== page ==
Hospitals may be doing a better job of reducing health care disparities among racial and ethnic minorities than previously believed.

Between 2005 and 2010, disparities in care between white patients and black patients fell for 13 of the 17 Centers for Medicare & Medicaid Services inpatient process measures. Disparities between white and Hispanic patients fell for 14 of the measures, according to a report published in the New England Journal of Medicine in the Dec. 11, 2014, issue.

The results followed what were disappointing findings last spring by the Institute for Diversity in Health Management that showed stagnation in minority representation on both hospital management and boards.

“It is definitely a really encouraging study with quite robust results,” says Akin Demehin, senior associate director of policy for the American Hospital Association.

Big reductions were found for measures with previously wide disparities. Using PCI [percutaneous coronary intervention] within 90 minutes after arrival at the hospital — one of the heart attack measures — compliance among white patients rose to 91.7 percent from 43.4 percent; among black patients it climbed to 86.3 percent from 29.2 percent; and for Hispanic patients it climbed to 89.7 percent from 34.1 percent. Big improvement could also be found for pneumonia care and vaccination rates against influenza.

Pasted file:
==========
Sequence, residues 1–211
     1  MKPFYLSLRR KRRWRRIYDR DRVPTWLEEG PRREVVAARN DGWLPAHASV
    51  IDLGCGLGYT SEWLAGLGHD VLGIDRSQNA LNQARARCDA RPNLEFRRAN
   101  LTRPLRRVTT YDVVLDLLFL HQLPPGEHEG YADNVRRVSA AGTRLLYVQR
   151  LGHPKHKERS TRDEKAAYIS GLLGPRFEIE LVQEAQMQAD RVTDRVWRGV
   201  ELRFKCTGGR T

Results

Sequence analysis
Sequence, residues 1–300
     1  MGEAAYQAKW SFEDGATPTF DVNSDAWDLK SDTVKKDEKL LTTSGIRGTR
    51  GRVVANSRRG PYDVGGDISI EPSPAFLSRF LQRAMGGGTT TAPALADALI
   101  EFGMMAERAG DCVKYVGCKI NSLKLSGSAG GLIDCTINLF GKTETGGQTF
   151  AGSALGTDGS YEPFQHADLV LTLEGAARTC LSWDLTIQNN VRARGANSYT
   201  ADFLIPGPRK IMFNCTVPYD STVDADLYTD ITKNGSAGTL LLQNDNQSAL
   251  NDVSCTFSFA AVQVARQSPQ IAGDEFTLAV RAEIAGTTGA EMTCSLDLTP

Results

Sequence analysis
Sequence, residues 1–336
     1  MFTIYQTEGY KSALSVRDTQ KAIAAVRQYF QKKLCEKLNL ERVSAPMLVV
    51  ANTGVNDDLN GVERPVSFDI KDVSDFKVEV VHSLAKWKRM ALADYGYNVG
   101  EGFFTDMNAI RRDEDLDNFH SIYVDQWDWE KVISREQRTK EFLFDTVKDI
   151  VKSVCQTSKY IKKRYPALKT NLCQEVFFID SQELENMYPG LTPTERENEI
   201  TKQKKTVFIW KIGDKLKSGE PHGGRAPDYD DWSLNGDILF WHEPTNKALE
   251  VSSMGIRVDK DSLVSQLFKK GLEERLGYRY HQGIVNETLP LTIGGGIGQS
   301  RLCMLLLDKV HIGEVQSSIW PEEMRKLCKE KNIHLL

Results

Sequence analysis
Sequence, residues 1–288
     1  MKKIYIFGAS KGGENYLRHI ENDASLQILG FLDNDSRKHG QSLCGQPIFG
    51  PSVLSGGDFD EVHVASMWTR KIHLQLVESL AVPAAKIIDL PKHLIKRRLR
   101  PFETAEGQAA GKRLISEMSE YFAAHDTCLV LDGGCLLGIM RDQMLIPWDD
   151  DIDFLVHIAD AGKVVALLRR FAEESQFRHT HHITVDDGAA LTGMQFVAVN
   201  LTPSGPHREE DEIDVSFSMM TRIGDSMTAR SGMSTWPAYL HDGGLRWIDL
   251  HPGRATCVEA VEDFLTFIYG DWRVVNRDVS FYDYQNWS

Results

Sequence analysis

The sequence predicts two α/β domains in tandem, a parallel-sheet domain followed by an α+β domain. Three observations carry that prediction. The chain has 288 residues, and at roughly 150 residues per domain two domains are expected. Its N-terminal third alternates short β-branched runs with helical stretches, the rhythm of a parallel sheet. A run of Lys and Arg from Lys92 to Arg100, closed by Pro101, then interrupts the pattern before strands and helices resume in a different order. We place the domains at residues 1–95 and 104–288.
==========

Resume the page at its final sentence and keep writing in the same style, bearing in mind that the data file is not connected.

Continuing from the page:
“That’s a sign that engaging in quality improvement efforts really has the effect of providing better care for everybody, for all patients,” Demehin says.

But don’t get too excited. The results are not conclusive evidence that actual care is improving, says Marilyn Lynk, director of operations for Adventist HealthCare’s Center for Health Equity and Wellness. Outcomes measures would offer a better representation, and history indicates that improvement is still needed in reducing disparities found in outcomes data, Lynk says. There have been general findings that minorities are less than satisfied regarding communication with providers. It will vary widely by hospital, she says.

Lynk suggests that hospitals study their own data for signs of disparities in their care, a job that should be getting easier with the use of electronic health records.

Moreover, community health needs assessments, required of hospitals under the Affordable Care Act, can help to identify disparities and inspire action that is tailored for the community’s needs, both inside and outside hospital walls, Lynk says.